Readers know that I am not in the habit of responding to comments on my posts, mostly because I think the comment section properly belongs to the readers. I have said my piece, now you all should have your chance. And, some of you readers post so thoughtfully and so regularly, and get such good debates going amongst yourselves, it seems that the comment section is doing quite fine without additional input from me.
But, two replies to my post on George Weigel’s response to Caritas in Veritate warrant attention. The first is from Mr. Nicholas Collura. Sir, identify yourself. Why are you not writing for us or for somebody on a regular basis! Your post was smart and witty and did most of the heavy lifting in responding to Mr. Weigel’s reply.
Yes, Mr. Weigel did see fit to reply to my post. In it, he raises a charge – though he does not indicate a target. He writes: "The Holy Father is at pains to stress a hermeneutics of continuity in understanding both Vatican II and Catholic Social Doctrine. One wonders how such a hermeneutics squares with the notion that there are two social doctrine traditions, one issuing from Rerum Novarum and one from Populorum Progressio, with the latter in effect trumping the former." I do not know who is postulating the existence of two social doctrine traditions. Certainly I did not make any such postulation in my original piece. I think the points of continuity between the two are obvious at both the level of principle and of policy. For example, the moral claim of the common good upon private property is a high principle of both and, in both encyclicals, issues in a frank and undeniable policy endorsement of workers’ rights, especially the right to organize.
What is more, it is clear that Pope Benedict XVI. In citing both of the magisterial texts, sees them as of one piece. Indeed, the whole point of the encyclical – arguably the whole point of the pontificate – is to say that the Church’s teaching is of one piece, that Rerum Novarum is of a piece with Populorum Progressio, of course, but also that the social encyclical Weigel most likes, Centesimus Annus, is of one piece with the one he likes least, Sollicitudo Rei Socialis. (Although, I wonder if Caritas in Veritate now tops Weigel’s least liked encyclical.) Indeed, one of the challenging contributions of Pope Benedict’s new work is the careful and precise way he shows how Populorum Progressio is of one piece with Evangelium Vitae and Humanae Vitae.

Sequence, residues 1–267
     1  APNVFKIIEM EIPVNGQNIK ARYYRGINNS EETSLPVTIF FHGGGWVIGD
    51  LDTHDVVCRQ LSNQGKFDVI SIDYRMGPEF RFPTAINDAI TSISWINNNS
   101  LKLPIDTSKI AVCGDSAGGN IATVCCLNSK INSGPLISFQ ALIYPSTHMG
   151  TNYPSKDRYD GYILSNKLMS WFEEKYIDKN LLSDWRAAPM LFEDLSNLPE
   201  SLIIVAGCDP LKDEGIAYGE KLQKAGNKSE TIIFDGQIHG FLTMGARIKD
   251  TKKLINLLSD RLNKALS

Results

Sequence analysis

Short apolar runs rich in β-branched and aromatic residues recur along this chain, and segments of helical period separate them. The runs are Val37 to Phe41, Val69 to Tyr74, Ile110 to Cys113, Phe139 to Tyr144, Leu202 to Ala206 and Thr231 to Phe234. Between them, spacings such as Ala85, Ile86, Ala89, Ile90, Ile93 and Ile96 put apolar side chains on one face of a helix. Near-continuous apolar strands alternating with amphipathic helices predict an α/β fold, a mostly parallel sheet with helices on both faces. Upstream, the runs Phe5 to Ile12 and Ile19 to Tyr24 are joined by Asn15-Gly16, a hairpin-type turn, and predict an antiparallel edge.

The "hermeneutics of continuity" to which Weigel refers was first articulated as a theological theme by Pope Benedict in his 2005 Address to the Curia at Christmastime. It is a key and important insight: So much of the historiography of Vatican II emphasized the Council’s break with the past that we have tended to overlook the points of continuity. For example, we can now see how Pope Pius XII’s reform of the Rites of Holy Week, especially bringing back the Easter Vigil, changed not only the Church’s view of the liturgy but also our views on the dignity of the baptized. Stretching even further back, we can see how Pope Pius X – no one’s idea of a progressive – nonetheless in some ways initiated this development in the laity’s role and self-perception by encouraging frequent reception of communion, placing the lay person in an active role in the Church’s most essential self-expression.
I have heard some progressives sniff at the phrase "hermeneutics of continuity" and suggest it was an invitation to rollback the Council. I think that is wrong in two senses. I think there did need to be a correction in the historiography of the Council and I think it bespeaks a fear that is misplaced. The goal is balance and the ways in which Vatican II represented a break from the past cannot be denied or air-brushed out of the picture. DeLubac and Murray were silenced in the 1950s after all. Furthermore, both the theological left and the neo-conservative right have overlooked or misunderstood the way that the theology of Communion, which is all over the pages of Caritas in Veritate is both the most significant doctrinal innovation of Vatican II and the source of greatest continuity, albeit not with the 1950s but with the early Church Fathers.
There is no need to comment upon the rest of Weigel’s reply. As I noted above, Mr. Collura and the other commentators on this post have done a fine job. But, Weigel’s comment indicates to me that the neo-cons will try and claim the "hermeneutics of continuity" for themselves and more progressive theologians should not let them do so. As Benedict showed in his latest encyclical, when you start with a theology of Communion, it is not clear where your politics will end up. The "hermeneutics of continuity" is a fascinating invitation to think through the fundamental theological issues of the day and of eternity and I delight in the prospect of intellectual sparring on this turf.